Image of older adult coughing into hand as companion looks pats his back

Providers are again warning against state efforts that would force nursing homes to accept all admissions from hospitals during the coronavirus pandemic, saying the plans are “not sound policy” and could lead to more COVID-19 cases, even deaths.

Skilled nursing providers in California and New York have been given state orders to accept all hospital patients even regardless of if they have COVID-19.

State officials must consider the disease’ estimated 30% mortality rate for nursing homes and assisted living communities before putting similar blanket orders in place for other facilities, long-term care provider groups wrote in a letter

The group is composed of the American Health Care Association/National Center for Assisted Living, AMDA – The Society of Post-Acute and Long-Term Care Medicine, and the American College of Health Care Administrators. 

“We are aware that other states may already be adopting a similar approach in order to free up hospital beds. This is a short-term and short-sighted solution that will only add to the surge in COVID-19 patients that require hospital care,” the groups wrote.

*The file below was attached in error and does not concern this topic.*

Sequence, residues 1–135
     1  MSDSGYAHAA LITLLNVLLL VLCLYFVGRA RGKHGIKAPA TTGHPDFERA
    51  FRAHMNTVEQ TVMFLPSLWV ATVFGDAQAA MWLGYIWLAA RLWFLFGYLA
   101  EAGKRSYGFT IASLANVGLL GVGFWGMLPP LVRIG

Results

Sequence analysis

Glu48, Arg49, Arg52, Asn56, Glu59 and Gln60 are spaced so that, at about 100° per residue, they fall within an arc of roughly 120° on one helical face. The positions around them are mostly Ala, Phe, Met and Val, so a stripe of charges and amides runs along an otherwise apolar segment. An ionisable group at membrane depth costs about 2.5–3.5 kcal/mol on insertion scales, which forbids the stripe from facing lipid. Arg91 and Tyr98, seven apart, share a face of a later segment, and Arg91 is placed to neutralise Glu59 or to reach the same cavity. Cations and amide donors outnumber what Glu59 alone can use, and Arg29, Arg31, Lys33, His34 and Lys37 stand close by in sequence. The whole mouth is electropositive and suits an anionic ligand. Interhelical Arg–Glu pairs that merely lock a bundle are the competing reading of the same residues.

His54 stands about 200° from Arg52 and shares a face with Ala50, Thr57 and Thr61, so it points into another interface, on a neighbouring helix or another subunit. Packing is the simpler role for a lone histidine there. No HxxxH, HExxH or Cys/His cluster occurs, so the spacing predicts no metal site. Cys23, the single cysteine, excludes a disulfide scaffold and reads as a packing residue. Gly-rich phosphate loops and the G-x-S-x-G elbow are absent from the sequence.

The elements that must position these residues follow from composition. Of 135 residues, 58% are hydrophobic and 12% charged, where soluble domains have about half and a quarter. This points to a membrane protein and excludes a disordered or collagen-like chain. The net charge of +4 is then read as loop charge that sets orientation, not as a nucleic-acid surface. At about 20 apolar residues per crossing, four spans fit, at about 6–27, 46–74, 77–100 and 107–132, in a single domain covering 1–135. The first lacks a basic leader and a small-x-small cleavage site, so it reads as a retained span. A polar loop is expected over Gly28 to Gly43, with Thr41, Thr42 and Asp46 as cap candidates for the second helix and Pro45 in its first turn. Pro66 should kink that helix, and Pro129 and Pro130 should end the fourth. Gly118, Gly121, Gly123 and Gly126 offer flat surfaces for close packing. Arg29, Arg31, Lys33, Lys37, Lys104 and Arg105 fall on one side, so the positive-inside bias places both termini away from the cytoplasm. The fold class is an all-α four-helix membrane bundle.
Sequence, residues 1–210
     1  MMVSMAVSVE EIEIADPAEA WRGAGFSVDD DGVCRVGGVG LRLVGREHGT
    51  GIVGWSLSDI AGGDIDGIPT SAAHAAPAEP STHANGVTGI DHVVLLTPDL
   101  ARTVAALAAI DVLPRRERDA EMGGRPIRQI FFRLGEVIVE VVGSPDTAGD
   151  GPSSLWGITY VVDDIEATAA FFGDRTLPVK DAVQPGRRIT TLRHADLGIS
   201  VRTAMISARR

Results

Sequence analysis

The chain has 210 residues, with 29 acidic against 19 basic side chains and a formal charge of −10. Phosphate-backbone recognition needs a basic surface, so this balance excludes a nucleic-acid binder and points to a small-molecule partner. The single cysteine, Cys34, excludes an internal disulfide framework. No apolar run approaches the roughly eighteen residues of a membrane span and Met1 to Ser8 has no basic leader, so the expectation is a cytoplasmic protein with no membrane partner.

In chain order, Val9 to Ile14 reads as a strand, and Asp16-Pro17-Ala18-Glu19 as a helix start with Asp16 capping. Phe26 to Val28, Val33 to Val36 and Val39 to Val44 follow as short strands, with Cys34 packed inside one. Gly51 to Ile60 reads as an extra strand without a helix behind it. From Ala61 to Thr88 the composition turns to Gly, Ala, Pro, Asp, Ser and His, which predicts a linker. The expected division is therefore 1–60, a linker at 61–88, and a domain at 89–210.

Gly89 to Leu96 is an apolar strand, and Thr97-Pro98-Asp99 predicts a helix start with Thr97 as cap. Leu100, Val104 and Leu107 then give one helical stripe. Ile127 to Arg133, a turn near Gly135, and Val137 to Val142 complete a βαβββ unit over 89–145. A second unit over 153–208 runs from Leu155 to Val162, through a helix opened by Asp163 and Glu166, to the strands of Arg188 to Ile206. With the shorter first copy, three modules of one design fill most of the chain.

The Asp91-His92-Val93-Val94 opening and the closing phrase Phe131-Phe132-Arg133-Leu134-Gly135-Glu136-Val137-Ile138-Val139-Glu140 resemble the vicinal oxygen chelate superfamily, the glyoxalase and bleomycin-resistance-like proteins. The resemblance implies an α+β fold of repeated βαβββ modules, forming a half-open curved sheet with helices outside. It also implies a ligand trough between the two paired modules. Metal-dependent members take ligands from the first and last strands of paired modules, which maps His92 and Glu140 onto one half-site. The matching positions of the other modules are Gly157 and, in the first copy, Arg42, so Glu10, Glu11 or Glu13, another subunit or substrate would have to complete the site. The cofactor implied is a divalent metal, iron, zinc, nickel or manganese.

They added that the decision to transfer patients to nursing homes are joint responsibilities since new admissions can impact the health of all other residents. Other factors like amount of supplies, staffing, infection control capabilities and physical structure must also be taken into account. 

The groups called on states to only take targeted action in areas where hospital overflow is an issue, and develop and implement options for alternate care sites and staffing to accommodate expected hospital overflow. 

“A blanket, one-size-fits-all approach statewide, which will include areas of the state that are not as severely impacted as others, will result in more people going to the hospital and more deaths than using a more strategic and collaborative approach that takes all of the above elements into consideration,” they wrote. 

Nursing home hit hard

Meanwhile, facilities throughout the nation are starting to see the devastating effects of COVID-19. A breaking news story in the Boston Globe Thursday reported that COVID-19 is ripping through nursing homes in Massachusetts, leaving a trail of death in its wake. At least 15 people in the last 12 days have died of what appeared to be coronavirus infections or related complications at Charlwell House Health & Rehabilitation Center in Norwood, the report said.

And the Louisiana Department of Health identified 47 long-term care facilities that are showing signs of being “clusters” of the coronavirus

In other coronavirus-related news:

• Some facilities are now advising family members to pull their residents from nursing homes, if feasible, in order to prevent the spread of COVID-19. The advice comes as some workers fear they don’t have enough personal protective equipment to treat patients and stop the spread. 

• In brighter news, an Illinois provider has developed “Activity Room Service” door hangers that allows residents to order any activity they want during the day; while Talk Show host Jimmy Kimmel recently offered his support to a New York facility during the pandemic.